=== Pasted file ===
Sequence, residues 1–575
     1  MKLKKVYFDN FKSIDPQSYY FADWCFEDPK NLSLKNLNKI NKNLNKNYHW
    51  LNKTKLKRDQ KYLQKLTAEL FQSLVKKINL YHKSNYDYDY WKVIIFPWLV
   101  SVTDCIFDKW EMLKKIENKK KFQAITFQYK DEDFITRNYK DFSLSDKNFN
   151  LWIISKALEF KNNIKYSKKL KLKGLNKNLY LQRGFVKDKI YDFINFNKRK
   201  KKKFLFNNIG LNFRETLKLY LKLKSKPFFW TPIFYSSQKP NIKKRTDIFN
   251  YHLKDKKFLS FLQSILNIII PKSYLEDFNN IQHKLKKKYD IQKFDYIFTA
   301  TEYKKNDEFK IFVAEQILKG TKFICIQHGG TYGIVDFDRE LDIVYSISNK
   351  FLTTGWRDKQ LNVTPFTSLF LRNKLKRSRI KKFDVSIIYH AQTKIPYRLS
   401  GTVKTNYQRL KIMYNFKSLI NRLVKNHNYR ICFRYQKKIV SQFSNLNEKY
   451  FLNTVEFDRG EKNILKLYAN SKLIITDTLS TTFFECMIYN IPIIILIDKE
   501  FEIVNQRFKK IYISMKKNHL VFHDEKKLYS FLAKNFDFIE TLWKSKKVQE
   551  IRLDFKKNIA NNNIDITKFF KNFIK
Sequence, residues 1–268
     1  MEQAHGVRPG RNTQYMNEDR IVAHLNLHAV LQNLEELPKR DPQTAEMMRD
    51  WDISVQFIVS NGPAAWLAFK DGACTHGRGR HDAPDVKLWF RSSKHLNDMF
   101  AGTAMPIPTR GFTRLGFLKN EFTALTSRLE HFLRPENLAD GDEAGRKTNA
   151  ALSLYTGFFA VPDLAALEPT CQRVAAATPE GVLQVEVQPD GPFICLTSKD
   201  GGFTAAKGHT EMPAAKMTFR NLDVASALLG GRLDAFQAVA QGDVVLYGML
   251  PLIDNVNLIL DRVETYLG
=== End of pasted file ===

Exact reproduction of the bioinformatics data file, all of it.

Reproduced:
Sequence, residues 1–575
     1  MKLKKVYFDN FKSIDPQSYY FADWCFEDPK NLSLKNLNKI NKNLNKNYHW
    51  LNKTKLKRDQ KYLQKLTAEL FQSLVKKINL YHKSNYDYDY WKVIIFPWLV
   101  SVTDCIFDKW EMLKKIENKK KFQAITFQYK DEDFITRNYK DFSLSDKNFN
   151  LWIISKALEF KNNIKYSKKL KLKGLNKNLY LQRGFVKDKI YDFINFNKRK
   201  KKKFLFNNIG LNFRETLKLY LKLKSKPFFW TPIFYSSQKP NIKKRTDIFN
   251  YHLKDKKFLS FLQSILNIII PKSYLEDFNN IQHKLKKKYD IQKFDYIFTA
   301  TEYKKNDEFK IFVAEQILKG TKFICIQHGG TYGIVDFDRE LDIVYSISNK
   351  FLTTGWRDKQ LNVTPFTSLF LRNKLKRSRI KKFDVSIIYH AQTKIPYRLS
   401  GTVKTNYQRL KIMYNFKSLI NRLVKNHNYR ICFRYQKKIV SQFSNLNEKY
   451  FLNTVEFDRG EKNILKLYAN SKLIITDTLS TTFFECMIYN IPIIILIDKE
   501  FEIVNQRFKK IYISMKKNHL VFHDEKKLYS FLAKNFDFIE TLWKSKKVQE
   551  IRLDFKKNIA NNNIDITKFF KNFIK
Sequence, residues 1–268
     1  MEQAHGVRPG RNTQYMNEDR IVAHLNLHAV LQNLEELPKR DPQTAEMMRD
    51  WDISVQFIVS NGPAAWLAFK DGACTHGRGR HDAPDVKLWF RSSKHLNDMF
   101  AGTAMPIPTR GFTRLGFLKN EFTALTSRLE HFLRPENLAD GDEAGRKTNA
   151  ALSLYTGFFA VPDLAALEPT CQRVAAATPE GVLQVEVQPD GPFICLTSKD
   201  GGFTAAKGHT EMPAAKMTFR NLDVASALLG GRLDAFQAVA QGDVVLYGML
   251  PLIDNVNLIL DRVETYLG